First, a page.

This is a long and somewhat complex post, but I think there’s something for everyone in here:

1) Are there ANY statistics out there comparing accident survival rates for the SAME MODEL in both regions (assuming one that is sold in both, of course)? For example, how many people died in a US/Canada market Audi A4, per capita, (and maybe per model sold) vs how many people died in am EU market Audi A4, per capita (and maybe per model sold).

I ask because of the one example I know off the top of my head (although I’m not sure if this was EU-wide, or just Sweden): In the 10+ years the Volvo XC90 was on sale, only 1 person died in one. ONE! He drove straight-on into a tree. Now maybe this isn’t the best example, because Volvo is well-known for safety and may very well add more safety equipment than what’s strictly required, BUT

2) If the US/CAN Volvo XC90 does indeed have more structural reinforcement than the EU one, why? Or to put it another way, why does the European one have less? Is there such a thing as a car design that satisfies both markets’ requirements without anything physical/structural needing to be added? (In other words, anything other than lighting/units of speed and temperature) Or two identical models that weigh roughly the same in both markets?

3) I decided to look up how this works in Israel (In relation to my other topic: ), and I found it rather fascinating that:

Advertisement

a) They follow EU standards

b) Despite that, they allow US/CAN compliant vehicles to be imported.

c) You might be thinking “big deal, every EU country is like that”, but as far as I know, Israel’s regs don’t specifically appear to allow domestic-market vehicles from Asia, which is a bit different.

Advertisement

Israeli import regs (note: This appears to be a page for people doing Aliyah immigration, so there’s a chance this may not be how it works for people who are already Israeli citizens. Someone can correct me if I’m wrong): http://www.nbn.org.il/aliyahpedia/go…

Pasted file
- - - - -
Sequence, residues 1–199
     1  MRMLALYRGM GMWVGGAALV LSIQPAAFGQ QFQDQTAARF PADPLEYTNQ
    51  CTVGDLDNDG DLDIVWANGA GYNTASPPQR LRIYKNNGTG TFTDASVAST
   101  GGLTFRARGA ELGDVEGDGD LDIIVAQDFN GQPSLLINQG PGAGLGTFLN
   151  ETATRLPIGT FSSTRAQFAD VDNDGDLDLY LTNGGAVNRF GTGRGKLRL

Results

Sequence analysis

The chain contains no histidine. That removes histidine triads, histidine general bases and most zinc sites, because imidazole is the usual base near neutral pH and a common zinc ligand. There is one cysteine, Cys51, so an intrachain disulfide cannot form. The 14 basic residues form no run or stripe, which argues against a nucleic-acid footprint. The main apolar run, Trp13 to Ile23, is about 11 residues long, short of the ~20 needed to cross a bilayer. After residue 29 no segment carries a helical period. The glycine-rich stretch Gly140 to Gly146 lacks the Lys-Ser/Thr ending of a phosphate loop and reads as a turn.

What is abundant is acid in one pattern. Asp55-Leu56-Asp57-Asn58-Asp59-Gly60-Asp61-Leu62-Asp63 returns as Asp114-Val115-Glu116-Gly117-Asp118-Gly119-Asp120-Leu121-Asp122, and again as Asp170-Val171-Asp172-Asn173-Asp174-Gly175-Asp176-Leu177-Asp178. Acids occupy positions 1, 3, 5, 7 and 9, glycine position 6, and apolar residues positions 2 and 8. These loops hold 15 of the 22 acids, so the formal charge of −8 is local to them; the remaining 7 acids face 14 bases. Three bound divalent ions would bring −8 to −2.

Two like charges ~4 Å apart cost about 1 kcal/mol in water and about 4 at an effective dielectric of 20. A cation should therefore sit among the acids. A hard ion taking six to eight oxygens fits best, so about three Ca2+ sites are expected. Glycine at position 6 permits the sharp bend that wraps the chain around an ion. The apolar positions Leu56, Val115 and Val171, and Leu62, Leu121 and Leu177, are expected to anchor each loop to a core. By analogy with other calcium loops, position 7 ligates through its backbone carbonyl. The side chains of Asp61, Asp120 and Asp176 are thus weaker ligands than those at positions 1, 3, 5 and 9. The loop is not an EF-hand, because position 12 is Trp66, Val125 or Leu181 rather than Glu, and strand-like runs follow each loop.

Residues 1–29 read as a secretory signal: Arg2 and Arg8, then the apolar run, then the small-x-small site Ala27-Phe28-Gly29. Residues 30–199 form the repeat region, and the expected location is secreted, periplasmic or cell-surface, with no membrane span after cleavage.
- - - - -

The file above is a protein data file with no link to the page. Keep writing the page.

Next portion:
If I had to guess why the Israeli regs don’t include Asian vehicles, I’d say:

China: Safety regulations may be severely lacking at this time https://www.youtube.com/watch?v=T8EGbu…

Advertisement

Japan: I’m not sure if their standards meet EU or US/CAN (a helpful Oppo told me they only recently started having crash tests of their own), and I’ve never heard anything about their crash-testing regulatory body. I’ve read on here that when Motorex was working on legalizing the R34 Skyline in the USA, they had to add quite a few strengthening bars to the body. I’ve also read that Japan domestic market cars tend to lack a lot of B-pillar reinforcement, so that can make perpendicular accident testing difficult to pass.

South Korea: I have no clue what their crash regs are like, anyone know? Would a KDM vehicle be measurably different in terms of safety equipment/reinforcement from a US/CAN/EU one?

Indonesia: Perodua is sold in the UK, and they have dealerships, so I’m guessing it passes NCAAP. I’m not aware of them being sold elsewhere in the EU, correct me if I’m wrong.

Advertisement

So in other words, I’m just trying to say that the regulations are not harmonized across Asia, unlike the US and Canada, and unlike the various EU member states.

So this brings me to my final question:

4) Why does/would Israel follow EU regs, but also allow US/CAN ones? Is it because of friendly political ties? Proximity to Europe? Or are US/CAN regs genuinely, truly, better/safer? If not, then why is the opposite not true? (US/CAN allowing EU-certified vehicles to be imported/registered?) And if not, then why does the Alfa 4C weigh so much there?!?! Haha!

Advertisement

I think Oppo knows a lot about how these regs work, but I don’t think I’ve ever seen a discussion about the “Whys”, which are always interesting.